Cheap 'formers could read 20% higher with no load due to poor regulation due to high internal impedance.
You only get the rated voltage when it's under the rated load.
A 16v bell should ring at 14.8v.

The 240vac supply has only dozens of milliohms of internal impedance so you won't see such a voltage change under load.
Same with car batteries. Low internal impedance.
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Old 10-07-2009, 09:38 PM   #7
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Changed out the transformer and that did the trick, ringing strong with two tones now. Turns out the old one was a 10V after all (good call yoyizit), the spec plate was on the back side and I couldn't see it

Thanks again!
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Old 10-08-2009, 11:46 AM   #8
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Quote:
Originally Posted by burnt03 View Post
Changed out the transformer and that did the trick, ringing strong with two tones now. Turns out the old one was a 10V after all (good call yoyizit), the spec plate was on the back side and I couldn't see it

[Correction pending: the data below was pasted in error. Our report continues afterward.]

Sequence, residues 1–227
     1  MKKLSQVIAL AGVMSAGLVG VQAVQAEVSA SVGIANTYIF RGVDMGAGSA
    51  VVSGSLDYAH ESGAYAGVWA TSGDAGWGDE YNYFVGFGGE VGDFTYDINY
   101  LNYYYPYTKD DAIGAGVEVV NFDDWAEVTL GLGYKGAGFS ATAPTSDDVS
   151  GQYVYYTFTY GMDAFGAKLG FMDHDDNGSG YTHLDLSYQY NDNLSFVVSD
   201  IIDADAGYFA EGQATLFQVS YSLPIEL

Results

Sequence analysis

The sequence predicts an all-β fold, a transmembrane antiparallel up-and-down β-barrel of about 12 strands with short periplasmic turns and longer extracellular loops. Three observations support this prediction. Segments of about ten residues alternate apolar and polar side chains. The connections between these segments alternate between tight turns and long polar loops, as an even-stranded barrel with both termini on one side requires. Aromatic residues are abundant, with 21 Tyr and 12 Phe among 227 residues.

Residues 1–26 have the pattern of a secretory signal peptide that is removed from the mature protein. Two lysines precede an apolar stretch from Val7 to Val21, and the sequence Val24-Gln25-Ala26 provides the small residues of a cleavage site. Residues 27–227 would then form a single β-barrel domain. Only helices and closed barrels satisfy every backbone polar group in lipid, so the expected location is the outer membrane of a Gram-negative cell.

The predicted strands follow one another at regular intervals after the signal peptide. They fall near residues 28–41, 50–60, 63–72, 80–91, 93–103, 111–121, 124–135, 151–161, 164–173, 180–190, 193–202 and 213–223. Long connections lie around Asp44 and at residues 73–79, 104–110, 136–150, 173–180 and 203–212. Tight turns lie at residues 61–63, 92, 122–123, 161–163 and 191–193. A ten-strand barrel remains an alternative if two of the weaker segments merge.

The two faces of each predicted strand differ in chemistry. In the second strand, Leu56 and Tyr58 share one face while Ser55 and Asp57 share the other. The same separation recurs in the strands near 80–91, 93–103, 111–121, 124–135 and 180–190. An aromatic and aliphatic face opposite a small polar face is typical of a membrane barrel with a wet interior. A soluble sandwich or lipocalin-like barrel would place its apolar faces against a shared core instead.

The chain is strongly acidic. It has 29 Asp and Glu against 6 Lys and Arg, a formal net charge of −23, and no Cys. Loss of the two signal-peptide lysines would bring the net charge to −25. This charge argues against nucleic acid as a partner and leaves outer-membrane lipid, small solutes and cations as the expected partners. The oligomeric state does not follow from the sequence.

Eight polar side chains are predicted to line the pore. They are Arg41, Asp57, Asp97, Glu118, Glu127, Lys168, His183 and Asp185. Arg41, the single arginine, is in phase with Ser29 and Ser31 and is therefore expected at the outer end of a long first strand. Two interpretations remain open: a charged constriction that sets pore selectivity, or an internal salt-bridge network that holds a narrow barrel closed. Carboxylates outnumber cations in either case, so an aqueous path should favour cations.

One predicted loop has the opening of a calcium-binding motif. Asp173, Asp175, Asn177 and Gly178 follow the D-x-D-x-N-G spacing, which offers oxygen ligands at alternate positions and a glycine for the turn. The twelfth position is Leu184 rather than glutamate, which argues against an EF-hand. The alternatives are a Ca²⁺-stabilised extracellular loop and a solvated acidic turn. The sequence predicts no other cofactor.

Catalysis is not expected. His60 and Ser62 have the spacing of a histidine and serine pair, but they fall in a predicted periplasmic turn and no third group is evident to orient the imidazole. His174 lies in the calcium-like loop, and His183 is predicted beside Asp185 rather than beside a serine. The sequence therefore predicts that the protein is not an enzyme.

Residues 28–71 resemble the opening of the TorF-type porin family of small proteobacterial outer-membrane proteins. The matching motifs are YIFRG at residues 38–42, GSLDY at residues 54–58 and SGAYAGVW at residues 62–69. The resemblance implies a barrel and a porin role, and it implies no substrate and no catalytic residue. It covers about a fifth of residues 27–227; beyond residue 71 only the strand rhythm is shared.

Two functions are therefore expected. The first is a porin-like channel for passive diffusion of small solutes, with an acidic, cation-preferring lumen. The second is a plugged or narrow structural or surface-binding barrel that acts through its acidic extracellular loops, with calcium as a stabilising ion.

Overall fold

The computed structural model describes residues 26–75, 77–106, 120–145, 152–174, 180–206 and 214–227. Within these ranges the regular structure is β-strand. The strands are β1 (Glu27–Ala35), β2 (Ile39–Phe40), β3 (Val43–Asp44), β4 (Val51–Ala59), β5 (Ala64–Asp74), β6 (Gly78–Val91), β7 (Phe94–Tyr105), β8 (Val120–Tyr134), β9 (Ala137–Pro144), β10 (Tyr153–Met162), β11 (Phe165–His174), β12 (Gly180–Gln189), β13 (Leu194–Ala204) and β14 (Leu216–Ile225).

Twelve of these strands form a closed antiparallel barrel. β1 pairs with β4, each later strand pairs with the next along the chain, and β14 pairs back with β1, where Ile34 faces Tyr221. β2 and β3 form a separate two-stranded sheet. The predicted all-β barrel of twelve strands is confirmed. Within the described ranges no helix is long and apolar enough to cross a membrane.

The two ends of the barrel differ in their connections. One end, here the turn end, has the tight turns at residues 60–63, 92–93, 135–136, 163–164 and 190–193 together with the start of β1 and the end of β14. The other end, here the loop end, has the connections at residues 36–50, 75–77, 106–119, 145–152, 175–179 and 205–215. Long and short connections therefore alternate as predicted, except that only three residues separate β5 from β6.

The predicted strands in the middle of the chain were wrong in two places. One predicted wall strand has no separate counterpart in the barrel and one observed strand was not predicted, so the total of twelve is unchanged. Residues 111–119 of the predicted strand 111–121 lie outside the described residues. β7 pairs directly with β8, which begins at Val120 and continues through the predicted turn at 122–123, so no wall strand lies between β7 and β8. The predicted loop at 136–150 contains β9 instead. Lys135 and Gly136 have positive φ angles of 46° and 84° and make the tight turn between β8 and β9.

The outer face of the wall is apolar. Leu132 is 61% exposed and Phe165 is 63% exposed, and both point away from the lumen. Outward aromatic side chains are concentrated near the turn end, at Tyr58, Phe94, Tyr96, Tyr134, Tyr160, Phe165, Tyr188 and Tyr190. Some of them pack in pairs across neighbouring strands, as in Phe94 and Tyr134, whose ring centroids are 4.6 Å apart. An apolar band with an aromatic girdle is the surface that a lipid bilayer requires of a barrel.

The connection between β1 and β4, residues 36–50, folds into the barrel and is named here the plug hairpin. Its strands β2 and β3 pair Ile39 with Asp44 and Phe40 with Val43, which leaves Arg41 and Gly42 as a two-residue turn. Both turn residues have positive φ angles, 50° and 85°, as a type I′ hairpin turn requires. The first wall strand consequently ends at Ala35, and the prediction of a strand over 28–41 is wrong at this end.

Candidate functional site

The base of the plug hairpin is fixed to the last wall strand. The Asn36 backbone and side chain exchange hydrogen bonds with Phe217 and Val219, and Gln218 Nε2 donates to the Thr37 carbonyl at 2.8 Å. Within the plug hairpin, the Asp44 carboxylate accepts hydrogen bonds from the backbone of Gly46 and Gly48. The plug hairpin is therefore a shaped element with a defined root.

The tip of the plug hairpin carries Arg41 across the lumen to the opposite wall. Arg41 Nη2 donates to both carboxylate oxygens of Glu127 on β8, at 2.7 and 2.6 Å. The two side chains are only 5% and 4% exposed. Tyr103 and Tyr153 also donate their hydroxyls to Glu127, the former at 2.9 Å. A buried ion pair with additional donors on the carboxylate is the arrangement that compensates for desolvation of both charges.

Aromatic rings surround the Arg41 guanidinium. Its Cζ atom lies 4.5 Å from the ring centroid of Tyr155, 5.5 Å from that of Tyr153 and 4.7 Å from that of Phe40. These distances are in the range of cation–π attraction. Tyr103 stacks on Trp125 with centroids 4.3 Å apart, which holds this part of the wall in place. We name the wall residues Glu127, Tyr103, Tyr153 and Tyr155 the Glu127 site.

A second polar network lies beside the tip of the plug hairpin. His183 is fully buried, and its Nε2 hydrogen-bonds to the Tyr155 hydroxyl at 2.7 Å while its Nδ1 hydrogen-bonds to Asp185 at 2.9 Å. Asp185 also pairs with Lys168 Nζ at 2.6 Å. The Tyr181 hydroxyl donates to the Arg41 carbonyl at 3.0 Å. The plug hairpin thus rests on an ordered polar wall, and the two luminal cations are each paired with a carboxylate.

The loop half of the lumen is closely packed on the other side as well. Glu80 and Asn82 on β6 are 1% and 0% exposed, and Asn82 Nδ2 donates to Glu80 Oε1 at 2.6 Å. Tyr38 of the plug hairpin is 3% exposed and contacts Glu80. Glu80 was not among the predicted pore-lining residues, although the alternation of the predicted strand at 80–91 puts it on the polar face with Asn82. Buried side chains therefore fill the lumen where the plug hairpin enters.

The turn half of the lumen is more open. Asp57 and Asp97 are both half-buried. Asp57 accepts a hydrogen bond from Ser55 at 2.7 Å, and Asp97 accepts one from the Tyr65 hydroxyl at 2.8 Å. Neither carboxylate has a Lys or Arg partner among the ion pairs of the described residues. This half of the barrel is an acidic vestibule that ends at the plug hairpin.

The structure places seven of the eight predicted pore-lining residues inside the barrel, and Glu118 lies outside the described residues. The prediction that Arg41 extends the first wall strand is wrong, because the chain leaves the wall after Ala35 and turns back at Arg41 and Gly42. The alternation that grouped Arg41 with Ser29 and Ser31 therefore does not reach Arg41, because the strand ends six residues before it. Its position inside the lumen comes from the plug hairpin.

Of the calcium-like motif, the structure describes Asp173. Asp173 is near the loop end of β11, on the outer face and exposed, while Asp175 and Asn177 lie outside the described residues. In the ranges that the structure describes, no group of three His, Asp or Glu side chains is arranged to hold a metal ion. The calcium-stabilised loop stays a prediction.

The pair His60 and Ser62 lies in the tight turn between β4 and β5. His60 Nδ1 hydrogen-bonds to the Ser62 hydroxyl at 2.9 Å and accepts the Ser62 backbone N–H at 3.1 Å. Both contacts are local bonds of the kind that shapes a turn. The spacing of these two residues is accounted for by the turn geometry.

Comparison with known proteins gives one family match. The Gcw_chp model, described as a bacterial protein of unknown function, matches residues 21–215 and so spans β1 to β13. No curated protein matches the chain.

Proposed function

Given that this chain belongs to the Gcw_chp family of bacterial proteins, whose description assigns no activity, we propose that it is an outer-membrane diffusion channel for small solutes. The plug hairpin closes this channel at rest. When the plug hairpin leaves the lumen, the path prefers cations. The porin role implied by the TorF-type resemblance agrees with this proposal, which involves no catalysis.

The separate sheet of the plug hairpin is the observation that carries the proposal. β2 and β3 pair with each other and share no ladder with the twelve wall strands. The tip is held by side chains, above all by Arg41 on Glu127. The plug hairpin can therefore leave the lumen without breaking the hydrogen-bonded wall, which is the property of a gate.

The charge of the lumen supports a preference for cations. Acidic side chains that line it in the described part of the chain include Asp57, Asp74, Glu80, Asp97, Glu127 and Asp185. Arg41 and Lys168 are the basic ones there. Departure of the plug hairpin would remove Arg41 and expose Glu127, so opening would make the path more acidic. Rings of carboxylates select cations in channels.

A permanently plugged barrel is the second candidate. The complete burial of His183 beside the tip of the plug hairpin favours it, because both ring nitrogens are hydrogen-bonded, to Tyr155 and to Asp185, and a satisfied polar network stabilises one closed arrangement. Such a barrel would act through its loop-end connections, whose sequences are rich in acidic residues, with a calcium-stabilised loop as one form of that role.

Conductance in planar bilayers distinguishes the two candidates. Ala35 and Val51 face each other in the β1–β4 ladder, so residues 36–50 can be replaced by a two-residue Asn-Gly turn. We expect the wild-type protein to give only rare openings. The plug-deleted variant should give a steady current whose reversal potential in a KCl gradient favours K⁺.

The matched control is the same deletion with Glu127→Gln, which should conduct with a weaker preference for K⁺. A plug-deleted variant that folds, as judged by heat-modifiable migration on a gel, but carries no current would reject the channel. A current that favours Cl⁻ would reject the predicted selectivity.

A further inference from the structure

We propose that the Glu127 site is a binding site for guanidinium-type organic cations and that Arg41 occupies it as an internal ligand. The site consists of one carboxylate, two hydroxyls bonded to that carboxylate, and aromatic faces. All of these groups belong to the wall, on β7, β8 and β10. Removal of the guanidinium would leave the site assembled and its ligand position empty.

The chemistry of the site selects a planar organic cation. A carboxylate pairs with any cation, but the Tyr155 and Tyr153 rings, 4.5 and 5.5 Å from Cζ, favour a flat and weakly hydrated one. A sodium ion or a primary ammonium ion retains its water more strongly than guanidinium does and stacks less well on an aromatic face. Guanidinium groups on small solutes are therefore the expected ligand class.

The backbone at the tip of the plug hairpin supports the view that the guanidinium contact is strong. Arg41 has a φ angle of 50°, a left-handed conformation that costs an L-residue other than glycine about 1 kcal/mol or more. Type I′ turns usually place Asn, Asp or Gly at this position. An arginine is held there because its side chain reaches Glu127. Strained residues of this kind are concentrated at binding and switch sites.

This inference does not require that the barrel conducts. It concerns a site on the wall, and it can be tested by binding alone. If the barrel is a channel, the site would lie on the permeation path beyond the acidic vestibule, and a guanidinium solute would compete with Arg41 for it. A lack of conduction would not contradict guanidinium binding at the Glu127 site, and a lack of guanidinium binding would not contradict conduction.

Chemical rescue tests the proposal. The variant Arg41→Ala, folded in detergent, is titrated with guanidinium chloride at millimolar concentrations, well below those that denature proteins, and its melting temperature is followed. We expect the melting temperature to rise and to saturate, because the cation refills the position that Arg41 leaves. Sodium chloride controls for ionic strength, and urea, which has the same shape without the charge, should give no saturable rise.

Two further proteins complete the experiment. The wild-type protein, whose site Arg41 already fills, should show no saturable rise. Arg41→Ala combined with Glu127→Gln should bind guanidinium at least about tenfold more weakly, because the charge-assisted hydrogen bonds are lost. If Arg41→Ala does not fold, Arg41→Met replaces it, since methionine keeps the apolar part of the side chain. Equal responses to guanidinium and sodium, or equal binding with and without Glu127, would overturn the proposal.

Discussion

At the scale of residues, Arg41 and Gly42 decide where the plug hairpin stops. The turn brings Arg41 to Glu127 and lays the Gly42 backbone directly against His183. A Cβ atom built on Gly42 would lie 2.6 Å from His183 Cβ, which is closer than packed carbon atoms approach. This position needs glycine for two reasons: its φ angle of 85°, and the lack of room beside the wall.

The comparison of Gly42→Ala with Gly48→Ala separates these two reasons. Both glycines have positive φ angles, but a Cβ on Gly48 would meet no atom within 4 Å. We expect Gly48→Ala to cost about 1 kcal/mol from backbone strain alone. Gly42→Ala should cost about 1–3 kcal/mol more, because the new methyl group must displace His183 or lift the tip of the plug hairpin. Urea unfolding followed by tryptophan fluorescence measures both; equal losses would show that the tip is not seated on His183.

Thanks again!
14.8v/10v = lousy regulation, but bell 'formers are short-circuit-proof so maybe regulation is one thing they give up in return for safety. Possibly they act more like current sources than voltage sources.
These 'formers might be a subcategory of Saturable Reactors but I haven't been able to confirm this.

All's well that ends well.

Last edited by Yoyizit; 10-08-2009 at 11:48 AM.
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Old 10-08-2009, 11:52 AM   #9
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Whether it is lousy transformer regulation or the bell unit requiring so much power to ring the bell that you need to select a higher voltage tap on the transformer -- you can burn out the little light in illuminated doorbell buttons if the no-load voltage from the transformer is too high.